Jonathan’s Law Passes Second Reading

Queen's Park
Queen's Park building seat of the Ontario Provincial Government. The Ontario Legislative Building which houses the viceregal suite of the Lieutenant Governor of Ontario, the Legislative Assembly of Ontario, and offices for members of the provincial parliament

Queen’s Park – Jonathan’s Law to allow extended leave for parents mourning the death of a child, passed second reading today in the Ontario legislature.

NDP MPP Peter Tabuns introduced the bill, inspired by bereaved parents like Vince Leitao, father of Jonathan Leitao for whom the bill is named, who joined Tabuns today at a press conference in Queen’s Park to support the bill.

“Parents who have endured the death of their child should not have to worry about losing their job when they are grieving,” said Tabuns, MPP for Toronto-Danforth. “Jonathan’s Law will allow parents the time they need before they go back to work.”

Currently, under the Employment Standards Act, working parents in Ontario are entitled to up to 37 weeks of unpaid leave to care for a critically ill child, but only an additional 10 days if the child dies. Jonathan’s Law would amend the act, to provide an employee, who has been employed by his or her employer for at least six consecutive months, to a leave of absence without pay of up to 52 weeks if a child of the employee dies.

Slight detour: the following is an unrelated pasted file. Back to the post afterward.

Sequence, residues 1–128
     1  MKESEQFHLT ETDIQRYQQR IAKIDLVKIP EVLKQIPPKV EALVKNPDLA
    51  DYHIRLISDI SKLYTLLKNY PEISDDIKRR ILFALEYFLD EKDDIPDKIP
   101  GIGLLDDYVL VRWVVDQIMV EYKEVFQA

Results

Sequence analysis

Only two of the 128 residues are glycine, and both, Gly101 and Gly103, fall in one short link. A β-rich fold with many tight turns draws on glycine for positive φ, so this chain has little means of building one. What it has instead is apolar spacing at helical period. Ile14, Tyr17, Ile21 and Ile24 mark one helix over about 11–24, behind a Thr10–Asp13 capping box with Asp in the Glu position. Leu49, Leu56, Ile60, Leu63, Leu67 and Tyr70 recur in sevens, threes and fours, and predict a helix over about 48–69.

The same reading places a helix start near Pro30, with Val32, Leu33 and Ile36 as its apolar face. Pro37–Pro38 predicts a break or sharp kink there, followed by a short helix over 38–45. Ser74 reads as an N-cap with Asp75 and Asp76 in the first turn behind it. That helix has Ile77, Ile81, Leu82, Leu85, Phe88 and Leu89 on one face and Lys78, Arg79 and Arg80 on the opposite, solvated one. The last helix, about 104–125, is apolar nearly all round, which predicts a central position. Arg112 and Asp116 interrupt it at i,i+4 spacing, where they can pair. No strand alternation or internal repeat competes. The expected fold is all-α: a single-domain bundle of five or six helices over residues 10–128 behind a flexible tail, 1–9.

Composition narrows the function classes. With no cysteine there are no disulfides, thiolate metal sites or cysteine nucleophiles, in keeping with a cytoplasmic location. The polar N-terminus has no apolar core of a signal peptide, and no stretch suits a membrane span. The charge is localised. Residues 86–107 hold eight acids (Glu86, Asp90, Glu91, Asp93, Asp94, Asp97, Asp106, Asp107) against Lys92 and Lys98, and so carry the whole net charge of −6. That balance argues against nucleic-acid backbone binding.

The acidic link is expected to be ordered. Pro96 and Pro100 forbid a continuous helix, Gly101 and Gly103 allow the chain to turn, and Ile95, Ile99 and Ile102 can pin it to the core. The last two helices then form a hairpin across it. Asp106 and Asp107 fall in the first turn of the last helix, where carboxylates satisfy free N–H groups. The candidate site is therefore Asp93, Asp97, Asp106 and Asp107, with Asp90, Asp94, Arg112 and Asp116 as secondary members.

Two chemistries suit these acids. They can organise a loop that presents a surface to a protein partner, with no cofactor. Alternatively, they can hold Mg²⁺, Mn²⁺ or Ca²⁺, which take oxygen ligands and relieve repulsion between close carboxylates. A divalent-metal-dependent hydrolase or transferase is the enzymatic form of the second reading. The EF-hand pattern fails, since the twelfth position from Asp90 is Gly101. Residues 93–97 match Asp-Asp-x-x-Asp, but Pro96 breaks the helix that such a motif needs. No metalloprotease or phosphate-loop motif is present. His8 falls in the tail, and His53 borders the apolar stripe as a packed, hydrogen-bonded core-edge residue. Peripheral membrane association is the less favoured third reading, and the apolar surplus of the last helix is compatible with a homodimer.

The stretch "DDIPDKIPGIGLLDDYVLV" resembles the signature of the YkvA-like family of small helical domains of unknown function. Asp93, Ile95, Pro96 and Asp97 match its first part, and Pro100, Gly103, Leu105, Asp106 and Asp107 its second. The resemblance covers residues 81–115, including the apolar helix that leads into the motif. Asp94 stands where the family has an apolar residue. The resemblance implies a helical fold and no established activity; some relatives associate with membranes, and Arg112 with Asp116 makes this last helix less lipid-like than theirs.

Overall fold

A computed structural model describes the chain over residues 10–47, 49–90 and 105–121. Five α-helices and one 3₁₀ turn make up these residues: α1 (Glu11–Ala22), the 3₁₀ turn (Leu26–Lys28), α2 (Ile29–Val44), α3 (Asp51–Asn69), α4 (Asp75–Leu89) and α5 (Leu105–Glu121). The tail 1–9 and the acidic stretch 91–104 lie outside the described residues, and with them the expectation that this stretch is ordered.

Vince Leitao said Jonathan’s Law will help take some of the burden off the shoulders of grieving parents. “It is very important to support parents who lose a child. Right now, 10 days off is not sufficient. Not everyone will need a year, but that option and job protection is very important to have,” he said. “I don’t want anyone to go through this, but for those parents who are in grief, this bill will provide them with the support they need in their time of mourning. It will cut the added stress of potential job loss while they are away from work,” he said.

Tabuns said that while he is glad Jonathan’s Law passed second reading today, he looks forward to the speedy passage of the bill next year to help bereaved parents in Ontario as soon as possible. “Families are not asking for paid leave, they are asking for the protection of their jobs,” Tabuns said. “It’s time that this government recognized that any parent who loses their child needs the time to grieve, and to cope with their loss, without the added pressure of worrying about losing their positions. It is a reasonable request, and I am glad we are one step closer to being able to provide bereaved parents with the security they deserve in their time of need.”

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